"He ran to get his supervisor and I was given my money back."
Why can't I think up such clever responses on the spot? The best thing about this story is that it's sent in by a Thai! Thank you, Pensri Weissman _ but again, I have to say this is not a Melting Moment.
Why? Because Pensri took control of the situation. She didn't stamp her flip-flops angrily against the peeling linoleum. She didn't rush down to Nana Plaza, order a cheap Leo then scream about her experience while losing a game of pick-up-sticks to a jaded bar girl with a sick mother, not to mention a dying buffalo, in aforesaid Nakhon Hideous.
A true Melting Moment renders you helpless in the face of overwhelming odds. Over to you, Malcolm: "I needed to buy a pick-up. In Korat my Thai girlfriend took me to look at a dealer and bought a Toyota Tiger. We then took the truck to what I thought was a testing station. My girlfriend spoke to a man at the weighbridge. The next thing we are back in the truck and heading to a garage, where some men removed the spare wheel and the tow bar. I asked my lady what was happening and she said the truck was too heavy. We went back to the station and the man passed it, then we went back to the garage, put the wheel back and the tow bar on.
"We drove back to Pattaya where we live. Later I discovered the pick-up was in my girlfriend's name, not mine. I told her I wanted the truck transferred into my name as soon as possible. She was not happy but she agreed, saying we'd have to go back to Korat to have it transferred into my name. By this stage I was just about ready to commit suicide or murder.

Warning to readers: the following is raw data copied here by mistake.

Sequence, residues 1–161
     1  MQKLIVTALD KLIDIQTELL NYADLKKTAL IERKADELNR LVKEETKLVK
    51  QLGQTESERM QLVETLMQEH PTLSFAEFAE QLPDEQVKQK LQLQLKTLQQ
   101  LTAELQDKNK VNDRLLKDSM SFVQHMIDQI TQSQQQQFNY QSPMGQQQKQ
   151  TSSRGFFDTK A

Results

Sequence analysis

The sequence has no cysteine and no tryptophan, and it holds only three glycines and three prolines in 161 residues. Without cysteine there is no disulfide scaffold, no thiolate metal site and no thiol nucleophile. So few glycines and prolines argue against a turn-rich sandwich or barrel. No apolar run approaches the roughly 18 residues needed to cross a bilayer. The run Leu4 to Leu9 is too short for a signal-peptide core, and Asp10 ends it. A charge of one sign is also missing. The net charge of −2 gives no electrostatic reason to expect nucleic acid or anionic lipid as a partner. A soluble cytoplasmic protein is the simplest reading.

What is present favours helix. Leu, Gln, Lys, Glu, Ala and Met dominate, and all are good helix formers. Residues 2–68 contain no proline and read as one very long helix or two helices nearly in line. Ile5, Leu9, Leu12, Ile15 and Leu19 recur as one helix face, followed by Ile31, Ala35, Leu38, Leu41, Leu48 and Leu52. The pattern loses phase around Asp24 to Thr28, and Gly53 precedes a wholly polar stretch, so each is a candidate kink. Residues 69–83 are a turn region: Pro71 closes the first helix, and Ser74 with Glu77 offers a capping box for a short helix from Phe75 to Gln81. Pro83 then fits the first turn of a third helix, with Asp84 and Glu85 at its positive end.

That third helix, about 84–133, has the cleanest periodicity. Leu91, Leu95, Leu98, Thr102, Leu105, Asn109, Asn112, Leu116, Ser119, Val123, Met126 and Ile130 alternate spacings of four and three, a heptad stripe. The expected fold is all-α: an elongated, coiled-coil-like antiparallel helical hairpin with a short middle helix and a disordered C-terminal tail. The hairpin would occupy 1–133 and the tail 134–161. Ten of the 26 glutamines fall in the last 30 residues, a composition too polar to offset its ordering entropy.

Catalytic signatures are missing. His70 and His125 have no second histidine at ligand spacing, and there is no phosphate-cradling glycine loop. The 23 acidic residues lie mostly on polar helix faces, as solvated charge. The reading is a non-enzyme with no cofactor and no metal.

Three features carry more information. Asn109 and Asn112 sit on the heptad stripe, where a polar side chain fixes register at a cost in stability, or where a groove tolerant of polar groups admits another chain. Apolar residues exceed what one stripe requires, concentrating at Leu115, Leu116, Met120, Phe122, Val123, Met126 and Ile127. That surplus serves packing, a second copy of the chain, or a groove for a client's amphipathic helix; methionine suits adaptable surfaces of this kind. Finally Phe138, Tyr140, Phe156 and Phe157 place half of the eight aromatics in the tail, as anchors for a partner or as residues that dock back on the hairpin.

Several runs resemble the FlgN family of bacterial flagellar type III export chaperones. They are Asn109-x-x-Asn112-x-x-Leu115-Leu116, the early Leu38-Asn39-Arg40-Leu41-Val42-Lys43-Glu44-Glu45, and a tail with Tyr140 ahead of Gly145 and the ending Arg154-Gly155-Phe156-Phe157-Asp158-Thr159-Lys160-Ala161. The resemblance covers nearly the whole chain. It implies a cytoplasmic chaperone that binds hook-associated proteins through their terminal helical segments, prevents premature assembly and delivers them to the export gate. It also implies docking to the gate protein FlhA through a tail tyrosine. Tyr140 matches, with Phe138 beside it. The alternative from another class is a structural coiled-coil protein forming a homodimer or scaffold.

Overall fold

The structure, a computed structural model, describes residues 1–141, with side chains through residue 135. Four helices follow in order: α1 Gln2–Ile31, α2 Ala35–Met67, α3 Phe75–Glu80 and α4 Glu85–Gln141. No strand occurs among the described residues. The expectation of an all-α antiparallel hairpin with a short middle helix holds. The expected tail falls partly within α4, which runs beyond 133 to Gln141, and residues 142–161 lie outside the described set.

"We returned to Korat a few days later, went to the government office and were told we would have to go to the weighbridge again. I stood to one side while the man looked at it, and announced he would not pass the truck because it was too heavy.
"That's when I lost it. I informed him in a very loud voice what an idiot he was. He ignored me and told my girlfriend to take the truck away, remove the large wheels, put on the original wheels, and come back. I could not believe this was happening, but we did it. The man changed the wheels, charged me 2,000 baht, and we returned to the weighbridge.
"The official was having lunch; another official approached my girlfriend and said since I'd insulted the first guy, he would not pass the vehicle. And he didn't; he told my girlfriend to take the truck back to Pattaya and have it done there.